In-building insulation's impact on RF propagation

An Englishman’s home is his castle, and with the rise of new energy efficient building materials that is ringing uncomfortably true. Sam Fenwick reports from the recent Cambridge Wireless ‘Wireless in the built environment’ event.

Professor Richard Langley, head of the Communications Research Group at the University of Sheffield, began the session by presenting the work his team has done as part of the Wireless Friendly Energy Efficient Buildings (WiFEEB) project. He highlights the need to factor in human occupants when modelling or designing buildings for wireless coverage, given the way we ab- sorb signals. As part of the project, he and his team looked at how well signals propagate in a typical Victorian house from a smart meter perspective. One of the key findings was that coverage fell as the frequency used increased. In his view systems such as Zigbee operating at 2.4 GHz “made life difficult for themselves, as these aren’t high data rate systems”.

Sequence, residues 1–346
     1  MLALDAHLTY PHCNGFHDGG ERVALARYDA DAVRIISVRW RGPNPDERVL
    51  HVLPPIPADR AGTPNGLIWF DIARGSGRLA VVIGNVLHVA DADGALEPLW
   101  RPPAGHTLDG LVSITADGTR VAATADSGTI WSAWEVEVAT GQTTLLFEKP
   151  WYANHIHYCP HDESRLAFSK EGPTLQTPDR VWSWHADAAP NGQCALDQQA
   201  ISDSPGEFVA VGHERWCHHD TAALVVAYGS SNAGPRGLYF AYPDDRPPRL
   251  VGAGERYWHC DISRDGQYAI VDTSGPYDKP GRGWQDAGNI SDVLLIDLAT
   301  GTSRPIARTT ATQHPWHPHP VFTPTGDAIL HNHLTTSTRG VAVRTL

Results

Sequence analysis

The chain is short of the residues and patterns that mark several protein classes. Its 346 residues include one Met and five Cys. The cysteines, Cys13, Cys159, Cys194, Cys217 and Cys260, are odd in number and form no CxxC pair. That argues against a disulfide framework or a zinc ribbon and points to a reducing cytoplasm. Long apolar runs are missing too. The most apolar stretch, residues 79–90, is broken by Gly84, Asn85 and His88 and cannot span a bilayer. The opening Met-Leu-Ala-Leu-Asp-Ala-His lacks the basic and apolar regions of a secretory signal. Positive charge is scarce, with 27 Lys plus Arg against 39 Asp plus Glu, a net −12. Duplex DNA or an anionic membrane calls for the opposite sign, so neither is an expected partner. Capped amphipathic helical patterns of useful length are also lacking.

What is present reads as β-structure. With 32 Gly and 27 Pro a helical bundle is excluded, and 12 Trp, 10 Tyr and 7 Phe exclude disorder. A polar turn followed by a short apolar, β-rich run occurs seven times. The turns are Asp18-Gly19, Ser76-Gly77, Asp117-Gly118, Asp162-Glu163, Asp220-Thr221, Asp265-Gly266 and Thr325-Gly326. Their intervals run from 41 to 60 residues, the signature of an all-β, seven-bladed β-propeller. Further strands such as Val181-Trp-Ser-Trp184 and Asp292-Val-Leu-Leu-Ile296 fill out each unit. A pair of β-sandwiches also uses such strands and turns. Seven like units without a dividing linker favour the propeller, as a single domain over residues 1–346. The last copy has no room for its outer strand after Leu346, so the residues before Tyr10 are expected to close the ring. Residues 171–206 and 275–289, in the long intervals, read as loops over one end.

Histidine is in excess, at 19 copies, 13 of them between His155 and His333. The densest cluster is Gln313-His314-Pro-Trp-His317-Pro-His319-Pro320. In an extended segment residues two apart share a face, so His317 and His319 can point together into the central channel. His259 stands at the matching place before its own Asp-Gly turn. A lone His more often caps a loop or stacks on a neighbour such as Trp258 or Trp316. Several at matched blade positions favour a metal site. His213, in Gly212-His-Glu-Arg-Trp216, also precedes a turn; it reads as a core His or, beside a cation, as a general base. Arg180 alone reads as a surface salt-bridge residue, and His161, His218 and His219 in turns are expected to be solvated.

Langley also explored the use of frequency selective surfaces (FSS) and intelligent wall units (IWUs) to create a smart environment “that we can change dynamically”, like a conference centre. FSS are printed panels with a window made up of a printed circuit board that switches between reflecting and transmitting the signal. However, he explains that the attenuation they can produce is only 20 dB and for many signals that isn’t enough. IWUs are easy to design, much cheaper than FSS and can do multi-band very easily. They consist of a receiving antenna, a filter, an amplifier and a transmitting antenna.

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